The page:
Forbidden Siren Reader Review
This game has to be one of the more confusing Japanese games for audiences outside Japan. Stuck in the village Hanyuda surrouded by blood red water, you take control of different characters to hide from the Shibito (meaning corpse person, which they cannot die). Eventually you find the little world in Hanyuda can be quite cruel, and at times, down right frustrating.
Although I myself found this story quite compelling from the start, I was fortunate enough to have the knowledge of the Japanese language and Japanese friends to help decode the book, Siren Maniacs. When you get your first mission, it seems easy enough..escape from police officer. Well, that's about as easy as it gets for some. At the start of every mission you will be given a objective you must complete to move on, but what the game doesn't tell you is that you also must explore your surrounding area for archive items, and trigger second mission objectives. At times to trigger a second mission requires that you really use your mind, or if you can't do that, an faq. Not that I beleive anyone who cannot figure it out is not smart enough to play the game, but the game itself does not give you hints. This is one drawback, for many found it too hard: They did not want to keep playing stages over and over again to do simple tasks they could have easily completed if only a hint was given. Even for that mistake, I still find Siren to be underrated.
Too often I heard people who played it saying, "Siren's story has no detail to it, it makes no sense, they rushed through it." But it is quite the contrary. As I mentioned before, you must have read the book, Siren Maniacs, to fully understand what is going on. It lets you in on the little secrets they throw in the game, gives backstories to puzzles you may have come across and thought, "How does this fit into Siren?" I will not go into detail about them, for I do not want to ruin it for anyone who might want to play it, but it's a game that needs patience, and quite frankly, time on a game forum of people who've read the book and can tell you what's going on. Unfortunatly, the book does not come into any other language but Japanese, which I can assure you caused some very loyal fans of this game to be quite upset.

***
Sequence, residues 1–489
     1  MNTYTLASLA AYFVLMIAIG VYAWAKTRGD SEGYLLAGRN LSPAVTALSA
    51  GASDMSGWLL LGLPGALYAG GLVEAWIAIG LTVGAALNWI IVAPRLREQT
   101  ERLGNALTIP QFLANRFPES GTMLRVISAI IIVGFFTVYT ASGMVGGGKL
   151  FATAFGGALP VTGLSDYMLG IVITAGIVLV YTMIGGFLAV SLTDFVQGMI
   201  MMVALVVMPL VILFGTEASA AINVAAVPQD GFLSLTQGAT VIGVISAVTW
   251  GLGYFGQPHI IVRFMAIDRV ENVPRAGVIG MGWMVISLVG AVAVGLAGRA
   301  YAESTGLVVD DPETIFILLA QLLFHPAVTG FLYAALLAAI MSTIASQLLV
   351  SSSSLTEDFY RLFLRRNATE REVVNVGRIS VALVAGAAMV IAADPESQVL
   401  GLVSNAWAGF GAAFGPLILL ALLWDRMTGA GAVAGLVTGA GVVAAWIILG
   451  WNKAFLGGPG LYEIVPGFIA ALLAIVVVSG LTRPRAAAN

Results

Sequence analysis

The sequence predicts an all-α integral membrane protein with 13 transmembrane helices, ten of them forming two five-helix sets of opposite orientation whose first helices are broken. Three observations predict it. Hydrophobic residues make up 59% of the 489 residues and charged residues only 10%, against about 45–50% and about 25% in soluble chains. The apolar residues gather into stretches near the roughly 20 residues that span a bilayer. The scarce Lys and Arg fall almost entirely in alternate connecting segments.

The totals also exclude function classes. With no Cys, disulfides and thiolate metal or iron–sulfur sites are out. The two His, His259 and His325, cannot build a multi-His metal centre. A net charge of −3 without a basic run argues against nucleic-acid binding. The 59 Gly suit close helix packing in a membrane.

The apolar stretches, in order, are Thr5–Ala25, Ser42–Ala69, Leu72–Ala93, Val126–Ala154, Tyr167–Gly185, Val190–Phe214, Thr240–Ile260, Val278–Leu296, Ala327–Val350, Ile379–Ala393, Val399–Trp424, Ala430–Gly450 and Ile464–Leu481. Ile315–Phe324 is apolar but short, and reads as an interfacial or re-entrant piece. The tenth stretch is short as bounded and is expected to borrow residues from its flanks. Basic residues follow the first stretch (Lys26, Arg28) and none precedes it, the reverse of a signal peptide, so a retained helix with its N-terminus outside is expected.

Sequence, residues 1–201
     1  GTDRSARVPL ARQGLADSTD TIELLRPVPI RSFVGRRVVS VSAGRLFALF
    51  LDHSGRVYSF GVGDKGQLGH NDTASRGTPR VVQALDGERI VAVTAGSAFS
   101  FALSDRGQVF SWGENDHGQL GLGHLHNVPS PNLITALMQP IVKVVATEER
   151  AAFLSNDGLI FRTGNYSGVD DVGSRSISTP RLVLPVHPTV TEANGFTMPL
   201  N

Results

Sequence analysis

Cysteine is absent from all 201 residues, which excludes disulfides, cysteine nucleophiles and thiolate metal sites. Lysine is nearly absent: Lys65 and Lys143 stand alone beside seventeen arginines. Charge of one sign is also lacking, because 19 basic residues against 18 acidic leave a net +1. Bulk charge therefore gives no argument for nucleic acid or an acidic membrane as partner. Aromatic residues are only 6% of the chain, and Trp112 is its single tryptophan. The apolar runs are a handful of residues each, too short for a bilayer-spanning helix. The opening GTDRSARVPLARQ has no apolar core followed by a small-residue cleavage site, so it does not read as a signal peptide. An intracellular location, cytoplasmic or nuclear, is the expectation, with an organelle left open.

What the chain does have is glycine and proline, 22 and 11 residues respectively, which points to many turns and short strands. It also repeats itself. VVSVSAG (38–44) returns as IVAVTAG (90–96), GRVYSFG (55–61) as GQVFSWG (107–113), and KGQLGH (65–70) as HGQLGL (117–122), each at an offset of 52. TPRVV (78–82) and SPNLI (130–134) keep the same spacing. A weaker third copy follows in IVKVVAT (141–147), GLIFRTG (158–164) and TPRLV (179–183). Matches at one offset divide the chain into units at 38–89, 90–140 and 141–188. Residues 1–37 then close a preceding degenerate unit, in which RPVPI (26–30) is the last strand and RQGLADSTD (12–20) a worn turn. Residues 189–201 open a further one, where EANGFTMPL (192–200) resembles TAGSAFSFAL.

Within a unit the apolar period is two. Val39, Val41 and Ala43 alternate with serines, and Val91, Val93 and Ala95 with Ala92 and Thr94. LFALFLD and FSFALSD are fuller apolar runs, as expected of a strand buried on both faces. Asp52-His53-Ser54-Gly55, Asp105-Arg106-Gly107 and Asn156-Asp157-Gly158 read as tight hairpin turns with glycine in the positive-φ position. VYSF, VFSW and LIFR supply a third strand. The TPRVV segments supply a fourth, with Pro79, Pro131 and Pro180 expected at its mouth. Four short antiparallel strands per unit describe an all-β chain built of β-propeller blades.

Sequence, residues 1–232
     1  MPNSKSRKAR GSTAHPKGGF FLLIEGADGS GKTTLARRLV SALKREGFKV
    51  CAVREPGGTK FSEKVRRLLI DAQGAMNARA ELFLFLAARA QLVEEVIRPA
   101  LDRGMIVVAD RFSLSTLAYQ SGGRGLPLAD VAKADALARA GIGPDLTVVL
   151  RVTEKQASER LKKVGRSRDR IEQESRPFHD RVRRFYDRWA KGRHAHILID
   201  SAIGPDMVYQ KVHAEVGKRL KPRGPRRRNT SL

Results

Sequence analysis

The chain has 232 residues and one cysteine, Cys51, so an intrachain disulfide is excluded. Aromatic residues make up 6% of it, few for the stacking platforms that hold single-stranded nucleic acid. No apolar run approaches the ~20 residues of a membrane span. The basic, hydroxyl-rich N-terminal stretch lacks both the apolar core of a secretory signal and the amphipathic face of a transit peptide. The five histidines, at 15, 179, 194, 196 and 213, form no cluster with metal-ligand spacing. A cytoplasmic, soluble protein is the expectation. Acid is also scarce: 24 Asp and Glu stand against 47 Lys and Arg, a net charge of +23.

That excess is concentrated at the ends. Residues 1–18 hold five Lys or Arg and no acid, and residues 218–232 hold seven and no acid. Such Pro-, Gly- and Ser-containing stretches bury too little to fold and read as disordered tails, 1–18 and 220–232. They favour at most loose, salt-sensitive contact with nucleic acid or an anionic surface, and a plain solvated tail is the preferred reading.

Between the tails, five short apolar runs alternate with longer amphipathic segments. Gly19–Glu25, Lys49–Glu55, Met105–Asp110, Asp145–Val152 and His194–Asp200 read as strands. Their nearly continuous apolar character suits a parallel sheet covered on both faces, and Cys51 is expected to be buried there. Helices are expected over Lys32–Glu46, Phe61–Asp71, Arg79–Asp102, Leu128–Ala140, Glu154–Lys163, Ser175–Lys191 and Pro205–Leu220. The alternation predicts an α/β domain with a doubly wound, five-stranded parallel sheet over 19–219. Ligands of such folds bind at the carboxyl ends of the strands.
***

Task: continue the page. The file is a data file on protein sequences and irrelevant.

Even for all the simple things that could have made it easier to play, the graphics sure bring in that sense of doom; no matter where you turn there might be a Shibito hiding close, which you may not see through the thick fog (countless times did I run straight into one of these things). And at times you will also hear them laughing or talking if you sneak behind them, their distored voices echoing behind you while you try to find a way out. The way the characters move is more how a real person would react in the situation. You do not get machine guns to blow holes in your enemies, instead you use your mind, you use stealth. It could be as easy as distracting a Shibito into a building then running to escape where you're at, or more complex as finding a way to electrocute them (in water, of course) to steal their weapon.
This game is also dubbed over. I wished they would have given the option to listen to it in the orginal Japanese, but instead they have British actors assuming the characters' roles. Now, many people would say that is absurd, Japanese people with thick British accents? They did the best they could, and although the orginal is almost always better, the game was not affected enough by it so that it completely ruined the experience. The voices had life and vigor to them and that's what matters.
All in all, I was happy to go through all the frustration of finding my way, even if not at all times it made sense. For all it's flaws, it still does have a compelling story, and one which should be more cloesly listened to before bashing it. If you have not played Siren but are interested in it, remeber that even though it may be a game you want to throw acorss the room at times, pateince really does win in the end.
8 / 10